Last week, Volkswagen admitted it had cheated in the emissions tests of vehicles in the US, which lead to a free-fall in the car manufacturer’s share price.
The scandal has now spread to Europe, where several governments are investigating. Most recently, Swiss authorities have banned the sale of almost 200,000 of the brand’s vehicles within the country, signifying a massive blow to the carmakers.
Meanwhile, a YouGov daily survey has revealed that this scandal probably didn’t surprise the British public, as 69 per cent say they no longer trust any major company or organisation.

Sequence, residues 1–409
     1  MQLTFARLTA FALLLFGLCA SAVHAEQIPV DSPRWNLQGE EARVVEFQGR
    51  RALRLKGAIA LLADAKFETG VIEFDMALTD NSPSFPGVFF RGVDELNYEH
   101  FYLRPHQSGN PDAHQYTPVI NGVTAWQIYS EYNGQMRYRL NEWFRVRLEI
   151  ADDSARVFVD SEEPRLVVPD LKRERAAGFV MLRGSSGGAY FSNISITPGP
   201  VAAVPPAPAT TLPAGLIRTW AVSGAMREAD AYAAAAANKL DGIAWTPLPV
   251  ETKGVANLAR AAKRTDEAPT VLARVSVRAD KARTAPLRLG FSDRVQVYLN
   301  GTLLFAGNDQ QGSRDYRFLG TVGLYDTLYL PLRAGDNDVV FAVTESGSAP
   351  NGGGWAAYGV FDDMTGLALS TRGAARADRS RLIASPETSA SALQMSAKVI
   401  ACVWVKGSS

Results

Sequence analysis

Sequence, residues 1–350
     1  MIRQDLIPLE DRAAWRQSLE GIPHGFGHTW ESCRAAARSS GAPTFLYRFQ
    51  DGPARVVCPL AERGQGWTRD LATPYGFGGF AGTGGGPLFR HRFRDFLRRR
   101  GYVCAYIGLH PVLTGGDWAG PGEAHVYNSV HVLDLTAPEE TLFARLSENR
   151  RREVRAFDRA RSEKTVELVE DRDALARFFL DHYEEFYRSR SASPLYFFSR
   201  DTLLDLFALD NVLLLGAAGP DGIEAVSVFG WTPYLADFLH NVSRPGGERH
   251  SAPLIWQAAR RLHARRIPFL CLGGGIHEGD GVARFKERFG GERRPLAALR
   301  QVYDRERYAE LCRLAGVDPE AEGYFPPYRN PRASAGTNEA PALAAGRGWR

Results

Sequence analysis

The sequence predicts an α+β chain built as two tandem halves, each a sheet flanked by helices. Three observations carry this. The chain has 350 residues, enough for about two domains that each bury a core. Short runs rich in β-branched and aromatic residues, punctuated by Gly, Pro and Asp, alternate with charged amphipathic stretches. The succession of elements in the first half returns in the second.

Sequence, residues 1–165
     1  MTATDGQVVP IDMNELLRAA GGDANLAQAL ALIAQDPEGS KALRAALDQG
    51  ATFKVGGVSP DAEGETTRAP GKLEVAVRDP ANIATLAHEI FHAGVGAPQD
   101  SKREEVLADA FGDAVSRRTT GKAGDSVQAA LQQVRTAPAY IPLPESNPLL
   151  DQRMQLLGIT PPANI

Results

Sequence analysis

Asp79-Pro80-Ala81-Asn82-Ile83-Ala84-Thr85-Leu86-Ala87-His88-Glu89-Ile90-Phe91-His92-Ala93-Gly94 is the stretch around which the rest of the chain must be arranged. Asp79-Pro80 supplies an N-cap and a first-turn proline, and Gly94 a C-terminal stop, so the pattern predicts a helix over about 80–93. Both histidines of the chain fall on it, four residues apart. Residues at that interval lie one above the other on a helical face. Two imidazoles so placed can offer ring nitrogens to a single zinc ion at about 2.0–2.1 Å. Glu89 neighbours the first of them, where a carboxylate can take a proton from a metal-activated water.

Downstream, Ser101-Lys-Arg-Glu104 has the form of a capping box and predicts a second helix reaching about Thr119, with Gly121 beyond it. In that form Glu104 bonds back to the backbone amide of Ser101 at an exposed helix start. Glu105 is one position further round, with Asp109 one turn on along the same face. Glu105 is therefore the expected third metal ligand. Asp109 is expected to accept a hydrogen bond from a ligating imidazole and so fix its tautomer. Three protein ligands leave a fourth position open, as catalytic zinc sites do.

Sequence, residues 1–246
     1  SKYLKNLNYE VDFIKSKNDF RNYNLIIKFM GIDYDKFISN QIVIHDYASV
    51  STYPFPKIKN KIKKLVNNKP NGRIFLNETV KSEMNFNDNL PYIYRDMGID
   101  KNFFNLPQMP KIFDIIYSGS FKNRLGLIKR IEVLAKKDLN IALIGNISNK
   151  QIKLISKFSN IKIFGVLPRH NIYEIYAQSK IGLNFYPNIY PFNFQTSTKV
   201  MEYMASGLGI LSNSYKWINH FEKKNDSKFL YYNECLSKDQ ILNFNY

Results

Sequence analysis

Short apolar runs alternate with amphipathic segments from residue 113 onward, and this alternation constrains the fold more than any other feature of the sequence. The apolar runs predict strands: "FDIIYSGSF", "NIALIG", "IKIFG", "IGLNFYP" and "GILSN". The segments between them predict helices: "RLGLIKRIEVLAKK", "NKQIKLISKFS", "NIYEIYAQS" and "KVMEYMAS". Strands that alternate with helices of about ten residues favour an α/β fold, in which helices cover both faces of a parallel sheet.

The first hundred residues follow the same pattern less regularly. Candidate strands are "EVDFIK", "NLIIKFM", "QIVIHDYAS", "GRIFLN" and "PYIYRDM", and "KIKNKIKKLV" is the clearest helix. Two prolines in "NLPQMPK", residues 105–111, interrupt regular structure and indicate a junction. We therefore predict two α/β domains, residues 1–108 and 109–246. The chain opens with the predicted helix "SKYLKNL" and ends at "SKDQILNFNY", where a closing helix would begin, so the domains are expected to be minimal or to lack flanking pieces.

In addition 66 percent said they did not trust any car manufacturers to act in the public interest.
At the time of the scandal The Guardian reported that the vehicles were producing 40 times the amount of emissions allowed, which was collectively equivalent to roughly the same amount of pollution as is emitted by all of the UK's entire industry and agriculture sectors, power stations, and vehicles on the road.
Volkswagen’s new boss, Matthias Mueller, said upon his appointment that the company faced “unprecedented challenges” in winning back trust.
You can say that again.